Cabecera de Instrumentarium

Blog A Musician's Log | The most recent note

Blog A Musician's Log. The most recent note. By Edgardo Civallero

The bullroarers' magic

I clearly remember that it was at a popular festival in a village in the Guadarrama mountains, in the north of the community of Madrid, in Spain.

The musical ensemble Mayalde, famous in Castilla and Leon (and surroundings) for their interpretations of the most traditional Castilian music —with a strong emphasis on the use of everyday sound artifacts and peasant music, and with a great sense of humor— was performing. Eusebio Martín, the most visible face of the group, stood in the middle of the stage with a zumbadora. What English-speaking organological sources generically call "bullroarers": an oval piece of wood, tied to a string. Eusebio spoke about the old beliefs associated with the instrument, about its ancient uses, and about how, with the passing of decades and centuries, the element ended up becoming a simple entertainment for children.

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  All the notes in the blog


Blog A Musician's Log | The most recent sketch

Blog A Musician's Log. The most recent sketch. By Edgardo Civallero

The flute yoresoma of the Chiquitano

The Chiquitano are a society indigenous to the lowlands of eastern Bolivia, with a population of between 40,000 and 60,000 individuals (the third largest in the country) distributed among the provinces of Ñuflo de Chaves, Velasco, Sandoval, Germán Busch, Ichilo and Chiquitos (department of Santa Cruz) and Iténez (department of Beni), as well as in three municipalities in the state of Mato Grosso (Brazil). Speakers of the Bésiro language (the fourth most used in Bolivia), they dedicate themselves to agriculture and work on local farms, and keep alive an important part of their identity as a community.

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  All the sketches in the blog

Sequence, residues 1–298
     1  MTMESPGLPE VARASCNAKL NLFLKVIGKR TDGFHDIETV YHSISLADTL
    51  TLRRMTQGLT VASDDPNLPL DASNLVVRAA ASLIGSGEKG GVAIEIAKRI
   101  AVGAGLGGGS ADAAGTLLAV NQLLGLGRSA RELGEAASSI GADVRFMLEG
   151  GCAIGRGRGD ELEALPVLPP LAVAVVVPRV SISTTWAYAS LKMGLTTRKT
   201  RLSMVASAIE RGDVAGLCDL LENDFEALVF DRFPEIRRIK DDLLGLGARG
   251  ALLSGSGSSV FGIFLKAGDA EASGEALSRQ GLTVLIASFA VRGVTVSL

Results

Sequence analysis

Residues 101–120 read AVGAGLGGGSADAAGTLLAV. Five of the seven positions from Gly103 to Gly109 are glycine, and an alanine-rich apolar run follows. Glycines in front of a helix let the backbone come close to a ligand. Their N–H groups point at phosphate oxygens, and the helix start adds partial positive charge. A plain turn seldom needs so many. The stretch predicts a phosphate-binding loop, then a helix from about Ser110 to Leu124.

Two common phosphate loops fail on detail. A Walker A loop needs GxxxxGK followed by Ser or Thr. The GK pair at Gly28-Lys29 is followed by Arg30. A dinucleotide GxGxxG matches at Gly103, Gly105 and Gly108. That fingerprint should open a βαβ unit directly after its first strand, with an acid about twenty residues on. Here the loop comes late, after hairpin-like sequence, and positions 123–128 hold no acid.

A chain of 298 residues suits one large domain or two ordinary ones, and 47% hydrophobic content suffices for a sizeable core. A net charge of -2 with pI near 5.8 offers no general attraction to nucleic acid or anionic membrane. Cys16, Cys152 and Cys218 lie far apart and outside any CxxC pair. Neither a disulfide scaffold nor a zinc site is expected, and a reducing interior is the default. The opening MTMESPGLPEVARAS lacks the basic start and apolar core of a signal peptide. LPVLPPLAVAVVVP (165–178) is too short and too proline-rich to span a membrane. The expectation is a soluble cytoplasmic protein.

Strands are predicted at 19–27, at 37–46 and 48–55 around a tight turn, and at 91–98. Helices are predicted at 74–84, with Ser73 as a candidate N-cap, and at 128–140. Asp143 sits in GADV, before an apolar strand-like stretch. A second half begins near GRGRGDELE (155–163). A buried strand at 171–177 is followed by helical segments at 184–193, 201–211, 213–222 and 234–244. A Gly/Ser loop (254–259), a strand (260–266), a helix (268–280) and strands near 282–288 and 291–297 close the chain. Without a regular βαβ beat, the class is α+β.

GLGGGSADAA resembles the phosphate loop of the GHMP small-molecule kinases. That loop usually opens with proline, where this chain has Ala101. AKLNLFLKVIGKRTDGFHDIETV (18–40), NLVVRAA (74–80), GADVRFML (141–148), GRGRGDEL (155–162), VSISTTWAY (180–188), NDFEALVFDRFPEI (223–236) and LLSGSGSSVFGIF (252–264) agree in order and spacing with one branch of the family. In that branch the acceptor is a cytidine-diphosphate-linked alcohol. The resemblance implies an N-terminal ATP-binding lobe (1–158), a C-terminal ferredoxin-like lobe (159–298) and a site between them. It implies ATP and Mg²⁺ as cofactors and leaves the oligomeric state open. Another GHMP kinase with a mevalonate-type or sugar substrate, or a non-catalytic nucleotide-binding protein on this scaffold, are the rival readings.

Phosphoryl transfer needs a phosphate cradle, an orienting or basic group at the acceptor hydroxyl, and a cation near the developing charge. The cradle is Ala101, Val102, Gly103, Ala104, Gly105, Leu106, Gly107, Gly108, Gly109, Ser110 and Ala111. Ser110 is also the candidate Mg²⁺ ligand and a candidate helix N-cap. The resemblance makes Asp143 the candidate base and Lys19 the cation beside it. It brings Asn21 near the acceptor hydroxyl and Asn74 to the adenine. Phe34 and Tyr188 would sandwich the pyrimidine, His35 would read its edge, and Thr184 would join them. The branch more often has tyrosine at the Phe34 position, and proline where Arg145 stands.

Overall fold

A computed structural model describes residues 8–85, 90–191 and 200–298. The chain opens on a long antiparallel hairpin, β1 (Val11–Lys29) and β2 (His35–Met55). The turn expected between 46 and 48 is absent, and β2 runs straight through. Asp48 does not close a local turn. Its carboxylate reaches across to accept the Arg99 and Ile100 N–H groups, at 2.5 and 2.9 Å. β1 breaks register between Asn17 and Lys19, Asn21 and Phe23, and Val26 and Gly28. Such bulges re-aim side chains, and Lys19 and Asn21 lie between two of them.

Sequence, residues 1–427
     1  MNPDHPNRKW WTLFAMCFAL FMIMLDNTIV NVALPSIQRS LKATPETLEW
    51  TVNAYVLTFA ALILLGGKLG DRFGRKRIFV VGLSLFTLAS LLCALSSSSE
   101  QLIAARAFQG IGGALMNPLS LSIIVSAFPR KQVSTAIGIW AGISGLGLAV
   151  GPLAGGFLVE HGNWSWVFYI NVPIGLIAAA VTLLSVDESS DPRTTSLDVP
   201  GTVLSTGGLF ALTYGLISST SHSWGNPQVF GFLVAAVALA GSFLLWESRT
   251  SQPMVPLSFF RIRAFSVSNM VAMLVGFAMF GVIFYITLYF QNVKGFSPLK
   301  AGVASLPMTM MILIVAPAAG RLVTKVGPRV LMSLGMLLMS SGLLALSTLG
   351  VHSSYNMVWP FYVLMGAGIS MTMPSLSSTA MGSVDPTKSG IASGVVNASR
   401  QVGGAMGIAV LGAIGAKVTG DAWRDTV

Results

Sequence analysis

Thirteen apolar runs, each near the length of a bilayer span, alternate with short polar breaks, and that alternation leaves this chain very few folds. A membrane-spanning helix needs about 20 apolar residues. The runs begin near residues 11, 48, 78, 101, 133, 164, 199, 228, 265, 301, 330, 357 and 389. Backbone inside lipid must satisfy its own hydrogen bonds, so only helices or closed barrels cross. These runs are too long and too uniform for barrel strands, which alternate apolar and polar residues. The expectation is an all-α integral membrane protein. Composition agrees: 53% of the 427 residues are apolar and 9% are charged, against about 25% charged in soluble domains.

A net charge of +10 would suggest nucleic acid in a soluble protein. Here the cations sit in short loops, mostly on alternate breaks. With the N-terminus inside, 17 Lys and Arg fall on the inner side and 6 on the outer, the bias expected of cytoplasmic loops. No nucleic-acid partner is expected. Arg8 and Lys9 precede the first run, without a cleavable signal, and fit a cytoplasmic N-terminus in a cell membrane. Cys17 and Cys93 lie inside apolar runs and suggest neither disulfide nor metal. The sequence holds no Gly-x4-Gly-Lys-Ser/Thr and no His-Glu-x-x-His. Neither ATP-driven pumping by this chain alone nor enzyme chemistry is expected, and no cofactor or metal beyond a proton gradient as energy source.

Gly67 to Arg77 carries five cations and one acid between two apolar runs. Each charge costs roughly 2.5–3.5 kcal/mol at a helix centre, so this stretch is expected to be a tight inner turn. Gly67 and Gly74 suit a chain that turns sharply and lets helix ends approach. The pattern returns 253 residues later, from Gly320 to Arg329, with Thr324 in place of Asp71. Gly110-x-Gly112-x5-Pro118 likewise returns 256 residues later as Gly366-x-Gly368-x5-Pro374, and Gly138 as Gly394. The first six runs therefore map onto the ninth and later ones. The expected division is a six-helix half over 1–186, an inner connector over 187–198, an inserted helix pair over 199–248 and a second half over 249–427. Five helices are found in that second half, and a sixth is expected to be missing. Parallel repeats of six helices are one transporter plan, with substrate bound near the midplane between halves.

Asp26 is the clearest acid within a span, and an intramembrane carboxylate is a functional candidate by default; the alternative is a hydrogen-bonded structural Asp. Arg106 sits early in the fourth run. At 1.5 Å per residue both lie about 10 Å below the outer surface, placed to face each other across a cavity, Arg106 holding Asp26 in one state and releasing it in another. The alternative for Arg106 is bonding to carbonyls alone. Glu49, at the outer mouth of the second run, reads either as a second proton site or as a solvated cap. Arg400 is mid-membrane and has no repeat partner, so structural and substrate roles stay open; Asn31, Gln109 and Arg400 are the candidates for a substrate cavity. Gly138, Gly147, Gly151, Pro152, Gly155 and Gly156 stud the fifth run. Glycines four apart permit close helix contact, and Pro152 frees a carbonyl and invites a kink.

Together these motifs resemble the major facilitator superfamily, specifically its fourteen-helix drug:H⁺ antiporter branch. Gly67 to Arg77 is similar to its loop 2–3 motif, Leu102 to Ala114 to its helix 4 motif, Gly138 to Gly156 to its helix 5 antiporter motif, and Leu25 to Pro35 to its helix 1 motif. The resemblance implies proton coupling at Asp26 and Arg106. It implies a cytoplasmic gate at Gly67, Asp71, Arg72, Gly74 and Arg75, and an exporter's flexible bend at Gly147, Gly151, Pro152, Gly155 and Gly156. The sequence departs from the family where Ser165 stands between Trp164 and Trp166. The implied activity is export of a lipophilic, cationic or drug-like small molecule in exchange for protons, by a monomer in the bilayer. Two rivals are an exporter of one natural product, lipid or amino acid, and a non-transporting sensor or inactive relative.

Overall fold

Articles

Instrumentarium. Articles

El erquencho y otros clarinetes idioglóticos

Cuadernos de investigación musical, 17, enero-junio 2023, pp. 150-171.

[From the Spanish abstract] In his 1935 work on musical instruments among the indigenous peoples of South America, Karl Gustav Izikowitz noted the existence of a group of clarinets without fingering holes and idioglottal which he called "the Southern type." Curiously, he did not include in his list one of the few (if not the only) current survivors of that organological family: the erque or erquencho, an aerophone built and played in northwestern Argentina and southern Bolivia. Of relatively simple structure, it produces a sound hoarse, squeaky and gangly, in a limited range of notes, which does not prevent it from being very popular in its area of origin. Unfortunately, outside it is, even today, quite unknown. The article offers a review of the main characteristics of an almost lost family, and of a sound artifact almost invisible and scarcely performed outside its more traditional contexts.

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  All articles [in Spanish]


Books and other publications

Instrumentarium. Books and other publications

Yanawan yuraqwan
Andean musical instruments in black and white

Bogotá: Wayrachaki Editora, 2021.

Photo album with 15 black and white images accompanied by brief descriptions, introducing some of the most interesting traditional Andean musical instruments: quenas, pusi p'ias, sikus, toyos, rondadores, ocarinas, charangos, pingullos, pinkillos, waka pinkillos, waylla qhepas and wank'aras.

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  All the publications in English